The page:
Local agencies can enter into agreements with the State to assist in providing access to new or expanding industrial facilities. Examples of the type of assistance are: design, right-of-way acquisition, and utility relocation. To be eligible for this type of funding, a public roadway must be designated as an "industrial highway". Once the project is complete, the local agency is responsible for the maintenance of the facility.
In order to address the litter problem in Tennessee, a specialty tax on the malt beverage and soft drink industry funds the Tennessee Department of Transportation Litter Grant Program. Grant funds are contracted to county governments only and are designed for the pickup of prevention of litter.
Approximately $5 million is raised annually and is distributed to all 95 counties in Tennessee for their use in this endeavor. A minimum grant of $34,237.00 and a maximum grant of $242,052.00 were determined by county road miles and county population for an equitable distribution on 2007-2008. A percentage of these funds are often re-distributed to a local Keep Tennessee Beautiful Affiliate to use for educational purposes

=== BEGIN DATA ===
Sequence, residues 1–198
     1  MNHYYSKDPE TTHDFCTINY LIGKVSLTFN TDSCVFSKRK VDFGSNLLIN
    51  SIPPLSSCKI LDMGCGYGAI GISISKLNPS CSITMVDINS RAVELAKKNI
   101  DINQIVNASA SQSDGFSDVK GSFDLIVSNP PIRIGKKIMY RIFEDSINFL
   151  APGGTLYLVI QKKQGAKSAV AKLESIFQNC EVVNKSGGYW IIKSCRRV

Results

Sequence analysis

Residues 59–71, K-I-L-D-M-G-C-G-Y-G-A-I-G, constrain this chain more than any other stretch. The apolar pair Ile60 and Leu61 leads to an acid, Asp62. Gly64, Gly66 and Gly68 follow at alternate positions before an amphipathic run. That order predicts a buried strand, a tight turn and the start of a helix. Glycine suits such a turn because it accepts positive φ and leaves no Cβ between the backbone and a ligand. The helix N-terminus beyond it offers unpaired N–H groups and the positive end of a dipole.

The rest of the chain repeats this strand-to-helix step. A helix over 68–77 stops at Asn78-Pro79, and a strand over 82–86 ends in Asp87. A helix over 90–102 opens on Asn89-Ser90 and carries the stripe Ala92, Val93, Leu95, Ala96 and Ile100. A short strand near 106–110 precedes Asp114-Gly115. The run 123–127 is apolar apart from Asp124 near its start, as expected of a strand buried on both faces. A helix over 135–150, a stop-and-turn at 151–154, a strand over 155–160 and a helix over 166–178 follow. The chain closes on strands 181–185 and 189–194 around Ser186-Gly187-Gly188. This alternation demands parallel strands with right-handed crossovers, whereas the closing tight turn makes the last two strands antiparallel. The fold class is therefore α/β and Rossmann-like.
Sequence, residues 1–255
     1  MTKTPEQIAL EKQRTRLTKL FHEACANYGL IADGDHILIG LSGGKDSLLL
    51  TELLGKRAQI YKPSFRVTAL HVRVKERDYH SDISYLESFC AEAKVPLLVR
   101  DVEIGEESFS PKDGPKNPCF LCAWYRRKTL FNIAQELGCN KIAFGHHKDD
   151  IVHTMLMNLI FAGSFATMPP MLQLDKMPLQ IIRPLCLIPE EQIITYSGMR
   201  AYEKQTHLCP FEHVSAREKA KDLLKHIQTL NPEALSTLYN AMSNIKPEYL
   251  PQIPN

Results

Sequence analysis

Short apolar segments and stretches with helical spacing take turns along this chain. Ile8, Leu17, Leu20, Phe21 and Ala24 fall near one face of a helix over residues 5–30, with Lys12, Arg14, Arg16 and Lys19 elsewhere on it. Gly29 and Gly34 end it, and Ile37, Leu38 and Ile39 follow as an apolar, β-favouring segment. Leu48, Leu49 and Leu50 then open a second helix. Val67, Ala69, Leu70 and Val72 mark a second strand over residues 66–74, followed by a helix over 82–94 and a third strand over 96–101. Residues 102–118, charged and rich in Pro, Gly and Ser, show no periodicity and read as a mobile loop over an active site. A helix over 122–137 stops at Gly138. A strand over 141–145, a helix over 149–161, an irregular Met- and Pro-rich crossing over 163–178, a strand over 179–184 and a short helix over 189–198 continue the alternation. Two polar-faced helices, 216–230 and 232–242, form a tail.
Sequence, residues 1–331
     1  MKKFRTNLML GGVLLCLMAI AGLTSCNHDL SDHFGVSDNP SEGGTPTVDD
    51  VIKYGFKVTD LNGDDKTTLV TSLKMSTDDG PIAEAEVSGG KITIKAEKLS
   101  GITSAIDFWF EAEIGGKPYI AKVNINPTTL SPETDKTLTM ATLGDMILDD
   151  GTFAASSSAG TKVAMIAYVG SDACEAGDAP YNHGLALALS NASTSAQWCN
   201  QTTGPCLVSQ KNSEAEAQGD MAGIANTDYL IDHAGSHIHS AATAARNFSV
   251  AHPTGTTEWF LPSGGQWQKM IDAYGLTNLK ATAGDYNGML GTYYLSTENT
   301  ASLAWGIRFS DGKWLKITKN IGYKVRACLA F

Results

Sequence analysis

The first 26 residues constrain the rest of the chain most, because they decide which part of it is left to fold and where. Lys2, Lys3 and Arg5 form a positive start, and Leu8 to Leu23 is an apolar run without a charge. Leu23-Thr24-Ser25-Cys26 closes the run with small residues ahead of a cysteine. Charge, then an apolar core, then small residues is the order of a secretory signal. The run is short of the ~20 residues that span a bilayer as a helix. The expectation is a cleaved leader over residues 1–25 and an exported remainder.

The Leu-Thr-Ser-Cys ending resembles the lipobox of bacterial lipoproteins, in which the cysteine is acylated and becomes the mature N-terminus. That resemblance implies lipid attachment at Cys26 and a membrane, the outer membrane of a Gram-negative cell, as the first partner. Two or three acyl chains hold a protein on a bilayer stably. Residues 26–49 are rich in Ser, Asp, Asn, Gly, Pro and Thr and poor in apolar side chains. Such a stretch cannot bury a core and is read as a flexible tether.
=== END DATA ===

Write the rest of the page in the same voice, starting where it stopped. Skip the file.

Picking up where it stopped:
The Governor's Highway Safety Office provides grants to programs which are designed to reduce the number of fatalities, injuries and related economic losses resulting from traffic crashes on Tennessee's roadways. Local governments, law enforcement agencies, academic institutions, and private non-profits can apply for National Highway Safety Transportation Administration pass-through funding for projects related to various areas of highway safety. Eligible project areas are included in the State of Tennessee's Highway Safety Performance Plan.
Agencies can apply for funding in the following areas:
- Alcohol countermeasures
- Youth alcohol and traffic safety
- Occupant protection: seatbelt and child passenger safety
- Police traffic services
- Traffic records
- Safe communities, pedestrian safety, pupil transportation
- Roadway safety
- Motorcycle safety
If you serve a county that has a greater than average rate of crash problems based on the 2003-2006 ranking (click here to view) you may qualify for a grant.